The fossil of a type of shark with petal-shaped teeth, which dates back to 290 million years ago, has been found in China for the first time, expanding its paleogeographic distribution, according to Chinese researchers.
The fossil of seven well-preserved Petalodus teeth was discovered in the Qianshi limestone in Yangquan City, north China's coal-rich Shanxi Province.
The study showed that the specimens are characterized by petal-shaped teeth with a spade-like crown and a long, tongue-shaped root.
Study also suggests that Petalodus already had the ability to migrate across oceans, and that it may have been a top predator with strong swimming skills.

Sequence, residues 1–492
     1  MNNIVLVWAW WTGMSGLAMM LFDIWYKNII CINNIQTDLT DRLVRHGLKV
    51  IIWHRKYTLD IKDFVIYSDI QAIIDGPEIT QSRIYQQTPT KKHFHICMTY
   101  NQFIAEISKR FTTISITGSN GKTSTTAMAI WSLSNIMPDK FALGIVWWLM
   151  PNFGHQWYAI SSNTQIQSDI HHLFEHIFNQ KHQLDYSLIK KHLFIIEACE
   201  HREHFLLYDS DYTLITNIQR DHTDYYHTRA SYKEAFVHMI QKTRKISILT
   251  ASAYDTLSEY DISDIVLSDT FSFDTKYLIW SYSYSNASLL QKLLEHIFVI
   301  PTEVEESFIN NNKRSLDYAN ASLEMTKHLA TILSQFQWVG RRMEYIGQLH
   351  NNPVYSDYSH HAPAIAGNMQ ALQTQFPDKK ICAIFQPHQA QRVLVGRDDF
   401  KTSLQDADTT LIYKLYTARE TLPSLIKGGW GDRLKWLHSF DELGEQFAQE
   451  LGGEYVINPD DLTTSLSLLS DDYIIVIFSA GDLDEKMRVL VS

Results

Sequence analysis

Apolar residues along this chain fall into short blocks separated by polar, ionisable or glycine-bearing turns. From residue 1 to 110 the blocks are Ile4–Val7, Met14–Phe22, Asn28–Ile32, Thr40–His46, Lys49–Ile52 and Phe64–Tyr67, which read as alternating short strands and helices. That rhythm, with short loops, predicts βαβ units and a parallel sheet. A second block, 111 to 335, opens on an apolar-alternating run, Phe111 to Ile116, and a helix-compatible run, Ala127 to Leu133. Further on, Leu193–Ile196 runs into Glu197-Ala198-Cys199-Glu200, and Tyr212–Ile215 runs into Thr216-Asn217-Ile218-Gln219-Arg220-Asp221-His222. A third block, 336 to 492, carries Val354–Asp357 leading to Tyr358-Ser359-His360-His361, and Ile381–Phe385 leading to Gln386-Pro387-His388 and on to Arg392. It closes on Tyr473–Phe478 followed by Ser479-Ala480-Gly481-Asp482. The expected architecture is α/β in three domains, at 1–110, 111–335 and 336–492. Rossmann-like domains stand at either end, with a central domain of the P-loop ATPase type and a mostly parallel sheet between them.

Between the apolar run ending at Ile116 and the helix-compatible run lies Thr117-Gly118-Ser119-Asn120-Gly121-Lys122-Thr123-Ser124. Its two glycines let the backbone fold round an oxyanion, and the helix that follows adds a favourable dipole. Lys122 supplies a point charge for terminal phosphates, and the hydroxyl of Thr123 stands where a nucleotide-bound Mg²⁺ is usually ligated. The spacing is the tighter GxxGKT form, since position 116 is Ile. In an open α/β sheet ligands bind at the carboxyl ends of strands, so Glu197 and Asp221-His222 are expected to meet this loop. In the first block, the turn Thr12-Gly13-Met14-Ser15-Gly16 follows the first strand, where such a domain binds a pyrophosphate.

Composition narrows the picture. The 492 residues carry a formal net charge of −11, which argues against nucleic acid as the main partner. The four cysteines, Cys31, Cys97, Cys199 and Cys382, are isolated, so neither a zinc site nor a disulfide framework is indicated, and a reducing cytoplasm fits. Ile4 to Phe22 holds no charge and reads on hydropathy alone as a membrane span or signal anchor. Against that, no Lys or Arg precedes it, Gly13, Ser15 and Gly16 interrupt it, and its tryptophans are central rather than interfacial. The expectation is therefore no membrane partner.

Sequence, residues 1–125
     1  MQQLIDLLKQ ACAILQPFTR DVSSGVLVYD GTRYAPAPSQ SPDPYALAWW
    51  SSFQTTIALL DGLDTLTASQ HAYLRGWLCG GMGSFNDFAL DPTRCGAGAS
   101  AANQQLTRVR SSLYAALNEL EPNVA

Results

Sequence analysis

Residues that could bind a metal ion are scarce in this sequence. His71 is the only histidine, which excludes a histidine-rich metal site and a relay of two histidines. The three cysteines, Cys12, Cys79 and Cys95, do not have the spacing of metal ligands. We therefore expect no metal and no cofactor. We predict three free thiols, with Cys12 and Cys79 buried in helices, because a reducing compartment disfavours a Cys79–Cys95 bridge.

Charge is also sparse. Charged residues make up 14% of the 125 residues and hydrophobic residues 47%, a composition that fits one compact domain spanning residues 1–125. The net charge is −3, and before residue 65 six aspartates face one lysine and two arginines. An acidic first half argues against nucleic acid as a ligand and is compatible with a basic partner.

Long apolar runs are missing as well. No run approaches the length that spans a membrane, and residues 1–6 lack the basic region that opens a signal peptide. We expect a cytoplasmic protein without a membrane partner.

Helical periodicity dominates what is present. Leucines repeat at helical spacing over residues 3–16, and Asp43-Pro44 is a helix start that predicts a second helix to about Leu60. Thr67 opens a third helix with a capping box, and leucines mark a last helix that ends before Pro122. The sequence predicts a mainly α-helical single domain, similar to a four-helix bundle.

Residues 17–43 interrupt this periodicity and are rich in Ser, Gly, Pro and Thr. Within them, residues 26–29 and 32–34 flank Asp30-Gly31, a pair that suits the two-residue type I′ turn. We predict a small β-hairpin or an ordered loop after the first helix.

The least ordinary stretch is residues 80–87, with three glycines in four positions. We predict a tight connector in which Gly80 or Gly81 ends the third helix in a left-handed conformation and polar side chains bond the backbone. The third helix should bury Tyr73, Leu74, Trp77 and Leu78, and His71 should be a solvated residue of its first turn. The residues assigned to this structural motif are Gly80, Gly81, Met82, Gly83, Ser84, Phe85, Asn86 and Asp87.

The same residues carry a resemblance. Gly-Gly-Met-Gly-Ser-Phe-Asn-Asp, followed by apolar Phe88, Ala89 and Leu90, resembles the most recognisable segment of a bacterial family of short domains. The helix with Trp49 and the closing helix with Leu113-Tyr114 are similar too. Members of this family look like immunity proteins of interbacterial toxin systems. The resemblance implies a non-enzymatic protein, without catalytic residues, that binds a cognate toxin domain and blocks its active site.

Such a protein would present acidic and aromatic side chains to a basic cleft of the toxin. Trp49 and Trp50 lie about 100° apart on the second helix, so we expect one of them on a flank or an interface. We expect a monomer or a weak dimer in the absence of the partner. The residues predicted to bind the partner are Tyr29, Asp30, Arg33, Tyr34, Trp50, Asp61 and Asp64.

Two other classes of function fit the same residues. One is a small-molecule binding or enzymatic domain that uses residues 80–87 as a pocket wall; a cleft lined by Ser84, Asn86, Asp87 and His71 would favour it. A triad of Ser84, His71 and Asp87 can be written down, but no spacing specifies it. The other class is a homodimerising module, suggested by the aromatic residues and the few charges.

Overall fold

The research has been published in the English edition of the latest issue of Acta Geologica Sinica.
In terms of size, the shark's tooth fossil is similar to the tooth of the great white shark. It can be estimated that it is a prehistoric giant shark with a body length of 3 to 5 meters.
So far, the fossil of the shark species has been found in multiple places in the earth's Northern Hemisphere. (Xinhua)
52 Sanlihe Rd., Xicheng District,
Beijing, China (100864)